Yelp help: Careless typos lower credibility of online reviews, study finds

INDIANAPOLIS — Always proofread for typos, even on Yelp or Amazon. That’s because when it comes to online reviews, careless errors lower a consumer’s credibility, a new study finds.

Researchers at Indiana University recruited nearly 300 internet consumers to look at product or service reviews containing either typographical errors (e.g., typing “wsa” instead of “was”), spelling errors (e.g., typing “useing” instead of “using”), or none at all.

Person shopping on Amazon
A new study finds that careless typos in online reviews lower the review’s credibility to shoppers, particularly those who tend to trust in others.

Interestingly, whether one still placed faith in a reviewer who committed a gaffe hinged on both the nature of the mistake and the evaluator’s general ability to trust others, the researchers found.

Participants who self-identified as tending to have high levels of trust were more likely to overlook misspellings as being “errors of knowledge,” while seeing typos to be more frivolous mistakes that spoke to the reviewer’s lack of credibility.

Conversely, those who were naturally inclined to distrust others didn’t view typographical nor spelling mistakes any differently, suggesting that these potential purchasers may be looking for other indicators to determine a reviewer’s reliability.

“For high-trusters, typographical errors signaled a general lack of conscientiousness or carelessness that harmed reviewer credibility and reduced involvement with the content of the review,” explains Anthony Cox, the study’s co-author, in a university release.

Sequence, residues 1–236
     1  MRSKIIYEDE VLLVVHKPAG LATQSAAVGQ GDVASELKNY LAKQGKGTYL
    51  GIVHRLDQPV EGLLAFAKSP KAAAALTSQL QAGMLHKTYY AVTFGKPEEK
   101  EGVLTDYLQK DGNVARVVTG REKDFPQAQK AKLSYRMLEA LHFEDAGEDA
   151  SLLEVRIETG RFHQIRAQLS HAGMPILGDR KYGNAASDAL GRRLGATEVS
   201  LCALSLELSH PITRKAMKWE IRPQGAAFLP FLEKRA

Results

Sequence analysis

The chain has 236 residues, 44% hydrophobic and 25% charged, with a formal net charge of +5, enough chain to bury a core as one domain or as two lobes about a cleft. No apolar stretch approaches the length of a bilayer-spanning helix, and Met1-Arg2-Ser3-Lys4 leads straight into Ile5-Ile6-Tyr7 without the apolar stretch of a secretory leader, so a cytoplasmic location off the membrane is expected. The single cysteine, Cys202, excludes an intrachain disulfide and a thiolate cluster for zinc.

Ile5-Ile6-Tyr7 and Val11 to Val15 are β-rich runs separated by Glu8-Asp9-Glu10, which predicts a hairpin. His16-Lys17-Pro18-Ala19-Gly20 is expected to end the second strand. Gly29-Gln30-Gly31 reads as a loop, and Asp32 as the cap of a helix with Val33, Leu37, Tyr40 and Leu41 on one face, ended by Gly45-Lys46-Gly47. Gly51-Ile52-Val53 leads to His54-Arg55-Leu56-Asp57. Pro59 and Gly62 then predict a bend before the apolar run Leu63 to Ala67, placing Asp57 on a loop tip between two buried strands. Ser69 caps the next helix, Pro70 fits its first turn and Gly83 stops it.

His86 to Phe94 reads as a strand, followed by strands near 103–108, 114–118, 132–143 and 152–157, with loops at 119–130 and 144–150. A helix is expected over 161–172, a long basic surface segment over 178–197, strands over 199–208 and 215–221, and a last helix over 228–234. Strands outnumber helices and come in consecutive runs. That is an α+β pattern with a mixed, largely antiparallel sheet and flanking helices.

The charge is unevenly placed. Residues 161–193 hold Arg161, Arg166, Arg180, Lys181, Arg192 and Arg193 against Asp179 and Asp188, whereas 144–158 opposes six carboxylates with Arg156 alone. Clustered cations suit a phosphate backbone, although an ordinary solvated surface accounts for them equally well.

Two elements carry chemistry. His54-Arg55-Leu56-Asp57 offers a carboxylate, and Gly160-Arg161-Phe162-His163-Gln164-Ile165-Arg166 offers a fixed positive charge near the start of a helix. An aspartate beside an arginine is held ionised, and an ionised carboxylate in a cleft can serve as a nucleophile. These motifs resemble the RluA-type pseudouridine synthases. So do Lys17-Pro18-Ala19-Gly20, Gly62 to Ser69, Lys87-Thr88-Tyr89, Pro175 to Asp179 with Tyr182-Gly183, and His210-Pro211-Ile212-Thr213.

“For example, a typographical error, like substituting ‘regualr’ for ‘regular,’ seems more likely to be attributed to careless writing by someone who ‘knows better,’” he says. “Conversely, a spelling error, like substituting ‘hite’ for ‘height’ might be attributed to a lack of education or to a cognitive challenge such as dyslexia, traits over which the writer has little control.”

Cox believes that online reviews can be both helpful and harmful to consumers, depending on how they are used.

“They are a source of not only information but also misinformation,” he argues. “You don’t know the reviewers. You don’t even know if they are who they say they are, if they’ve actually used the product, or if someone paid them to write the review.”

All in all, knowing what you’re looking for out of a review is probably the best way to ensure you benefit from reading someone else’s two cents.

Cox et al. published their findings in October in the journal Computers in Human Behavior.